Vibrant Wonders: The Exotic Beauty and Charismatic Toucan Barbet in Nature’s Tropical Paradise

Iridescent tones of red, green, orange, and yellow combine to create a spectacular and iconic cloud forest bird.

Meet the Toucan Barbet

Photo Courtesy of Vince Smith / CC BY 2.0

The toucan barbet (Semnornis ramphastinus), is a species of barbet in the Semnornithidae family. A medium-sized robust barbet, these birds are 19 to 21 cm (7.5–8.3 in) long, weighing in at 80–115 g (2.8–4.1 oz). The beak is robust with a yellow maxilla and a light green mandible, both with dark ends. The plumage is colorful and includes a black crown, “mask”, and thin cervical collar. The species has long occipital feathers and a conspicuous white stripe behind the eyes, which has a bright red-colored iris. The nape of the neck is golden-brown and becomes yellow towards the rear. The throat, upper breast, and sides of the nape are grayish-blue. The lower breast and middle belly are bright red, while the lower belly is yellowish-green.

Photo Courtesy of Mike’s Birds / CC BY-SA 2.0

The wings and tail are grey.

Both sexes are almost identical, though the female’s plumage is slightly less bright

Photo Courtesy of ryanacandee / CC BY 2.0

This species is found along the western slopes of the Andes, in southern Colombia and northern Ecuador.

Photo Courtesy of Andy Morffew / CC BY 2.0

The toucan barbet prefers mountain evergreen forests, secondary forests, open woodlands, and pastures, at altitudes between 1.000-2.400 m.

Photo Courtesy of ryanacandee / CC BY 2.0

Mainly a frugivorous bird, they like to eat a wide range of fruits, namely Cecropia and Ficus, but will also eat termites and other insects when given the opportunity.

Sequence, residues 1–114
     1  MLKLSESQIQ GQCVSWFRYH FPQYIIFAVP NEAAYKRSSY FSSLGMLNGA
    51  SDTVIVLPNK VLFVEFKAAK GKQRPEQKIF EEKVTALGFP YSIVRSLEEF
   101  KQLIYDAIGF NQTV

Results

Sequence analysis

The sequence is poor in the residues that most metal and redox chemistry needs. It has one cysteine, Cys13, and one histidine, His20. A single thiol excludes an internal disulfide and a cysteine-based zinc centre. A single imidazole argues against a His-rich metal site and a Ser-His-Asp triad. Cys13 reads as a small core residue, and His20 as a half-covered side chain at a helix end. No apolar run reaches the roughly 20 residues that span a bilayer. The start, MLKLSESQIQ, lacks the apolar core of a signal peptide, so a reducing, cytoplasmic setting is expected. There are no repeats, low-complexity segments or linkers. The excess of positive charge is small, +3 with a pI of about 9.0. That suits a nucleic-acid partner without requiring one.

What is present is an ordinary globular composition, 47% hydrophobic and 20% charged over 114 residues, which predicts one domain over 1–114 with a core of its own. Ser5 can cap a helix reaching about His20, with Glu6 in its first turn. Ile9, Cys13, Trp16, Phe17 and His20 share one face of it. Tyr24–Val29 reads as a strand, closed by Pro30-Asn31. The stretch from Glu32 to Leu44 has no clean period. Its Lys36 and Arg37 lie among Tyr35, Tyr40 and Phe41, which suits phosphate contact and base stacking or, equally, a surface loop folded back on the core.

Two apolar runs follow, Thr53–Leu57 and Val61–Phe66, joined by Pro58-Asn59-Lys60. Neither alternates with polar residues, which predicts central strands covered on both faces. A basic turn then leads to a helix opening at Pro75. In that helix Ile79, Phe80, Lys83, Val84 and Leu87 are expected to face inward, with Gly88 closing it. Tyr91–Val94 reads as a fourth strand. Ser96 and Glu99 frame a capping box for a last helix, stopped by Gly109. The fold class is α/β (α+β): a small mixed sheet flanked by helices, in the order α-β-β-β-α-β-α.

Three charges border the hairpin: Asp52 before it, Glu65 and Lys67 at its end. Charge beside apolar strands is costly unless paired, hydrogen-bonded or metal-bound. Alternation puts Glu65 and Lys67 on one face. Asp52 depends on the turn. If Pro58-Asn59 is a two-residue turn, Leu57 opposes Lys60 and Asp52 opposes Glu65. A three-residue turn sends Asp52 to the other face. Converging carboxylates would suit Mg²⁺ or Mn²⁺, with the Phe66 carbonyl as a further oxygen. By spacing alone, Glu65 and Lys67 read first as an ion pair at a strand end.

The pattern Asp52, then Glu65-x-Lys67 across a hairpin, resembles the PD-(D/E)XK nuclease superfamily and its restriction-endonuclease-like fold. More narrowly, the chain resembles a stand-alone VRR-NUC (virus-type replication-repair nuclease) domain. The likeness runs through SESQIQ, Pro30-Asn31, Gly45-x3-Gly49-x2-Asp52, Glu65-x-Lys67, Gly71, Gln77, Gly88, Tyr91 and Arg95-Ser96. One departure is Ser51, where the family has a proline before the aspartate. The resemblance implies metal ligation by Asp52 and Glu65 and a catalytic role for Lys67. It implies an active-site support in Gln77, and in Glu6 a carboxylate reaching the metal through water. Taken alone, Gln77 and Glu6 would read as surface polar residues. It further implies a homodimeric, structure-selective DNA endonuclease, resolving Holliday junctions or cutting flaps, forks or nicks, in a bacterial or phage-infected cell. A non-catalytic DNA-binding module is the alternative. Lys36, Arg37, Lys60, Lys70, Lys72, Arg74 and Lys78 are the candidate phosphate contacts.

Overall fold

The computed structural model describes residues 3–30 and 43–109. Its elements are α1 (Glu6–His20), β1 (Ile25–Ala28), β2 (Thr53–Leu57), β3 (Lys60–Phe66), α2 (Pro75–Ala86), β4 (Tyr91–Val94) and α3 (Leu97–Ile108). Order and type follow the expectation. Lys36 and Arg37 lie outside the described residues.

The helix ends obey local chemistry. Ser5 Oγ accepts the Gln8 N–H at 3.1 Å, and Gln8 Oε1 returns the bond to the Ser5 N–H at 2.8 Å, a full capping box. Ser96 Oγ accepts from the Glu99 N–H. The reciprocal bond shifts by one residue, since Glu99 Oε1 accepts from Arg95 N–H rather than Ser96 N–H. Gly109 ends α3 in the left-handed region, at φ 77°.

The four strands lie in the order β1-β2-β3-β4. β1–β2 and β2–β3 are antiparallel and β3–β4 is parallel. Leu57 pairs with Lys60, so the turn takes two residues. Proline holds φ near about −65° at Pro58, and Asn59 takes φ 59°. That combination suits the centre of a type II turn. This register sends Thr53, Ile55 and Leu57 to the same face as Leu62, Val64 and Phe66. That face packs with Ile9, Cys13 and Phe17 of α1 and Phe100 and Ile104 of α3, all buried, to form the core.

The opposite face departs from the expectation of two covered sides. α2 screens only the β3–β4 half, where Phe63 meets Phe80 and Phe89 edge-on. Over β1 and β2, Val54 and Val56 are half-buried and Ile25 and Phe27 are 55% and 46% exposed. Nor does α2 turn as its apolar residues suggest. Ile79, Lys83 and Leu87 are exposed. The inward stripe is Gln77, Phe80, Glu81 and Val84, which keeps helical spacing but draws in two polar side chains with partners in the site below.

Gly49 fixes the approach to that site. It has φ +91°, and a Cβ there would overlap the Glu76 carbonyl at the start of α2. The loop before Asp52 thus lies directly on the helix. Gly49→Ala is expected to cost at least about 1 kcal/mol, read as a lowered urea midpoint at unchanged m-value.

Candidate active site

Photo Courtesy of Mike’s Birds / CC BY-SA 2.0

Toucan barbets breed from February through to October. They live in small family groups of up to 6 birds, with an adult pair and young that help to raise the next clutch. They nest in a tree cavity, where the female lays 2-3 eggs, these are incubated by all group members for 15 days. The chicks are fed by all group members and fledge 43-46 days after hatching, but only become fully independent 4 weeks later.

Photo Courtesy of Mike’s Birds / CC BY-SA 2.0

The population of this species is declining at a moderately rapid rate, due to illegal trapping for the international cage bird trade and habitat loss through intensive logging, human settlement, cattle grazing, mining, and coca, and palm cultivation.

Photo Courtesy of ryanacandee / CC BY 2.0

Watch this bird right here in the video below:


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